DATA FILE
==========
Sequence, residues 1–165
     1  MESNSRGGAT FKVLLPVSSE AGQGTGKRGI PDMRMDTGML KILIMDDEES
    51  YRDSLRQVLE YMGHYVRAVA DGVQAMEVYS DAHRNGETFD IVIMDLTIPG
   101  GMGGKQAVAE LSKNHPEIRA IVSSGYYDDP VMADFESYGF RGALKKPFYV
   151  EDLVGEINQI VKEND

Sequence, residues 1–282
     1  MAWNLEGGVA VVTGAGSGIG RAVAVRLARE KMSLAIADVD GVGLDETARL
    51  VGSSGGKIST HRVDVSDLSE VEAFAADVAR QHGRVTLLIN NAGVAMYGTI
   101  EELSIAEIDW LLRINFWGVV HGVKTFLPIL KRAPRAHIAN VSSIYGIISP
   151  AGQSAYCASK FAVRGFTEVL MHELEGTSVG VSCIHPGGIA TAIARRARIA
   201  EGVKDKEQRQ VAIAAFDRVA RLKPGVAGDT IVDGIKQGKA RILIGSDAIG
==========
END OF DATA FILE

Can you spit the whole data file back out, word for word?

Sequence, residues 1–165
     1  MESNSRGGAT FKVLLPVSSE AGQGTGKRGI PDMRMDTGML KILIMDDEES
    51  YRDSLRQVLE YMGHYVRAVA DGVQAMEVYS DAHRNGETFD IVIMDLTIPG
   101  GMGGKQAVAE LSKNHPEIRA IVSSGYYDDP VMADFESYGF RGALKKPFYV
   151  EDLVGEINQI VKEND

Sequence, residues 1–282
     1  MAWNLEGGVA VVTGAGSGIG RAVAVRLARE KMSLAIADVD GVGLDETARL
    51  VGSSGGKIST HRVDVSDLSE VEAFAADVAR QHGRVTLLIN NAGVAMYGTI
   101  EELSIAEIDW LLRINFWGVV HGVKTFLPIL KRAPRAHIAN VSSIYGIISP
   151  AGQSAYCASK FAVRGFTEVL MHELEGTSVG VSCIHPGGIA TAIARRARIA
   201  EGVKDKEQRQ VAIAAFDRVA RLKPGVAGDT IVDGIKQGKA RILIGSDAIG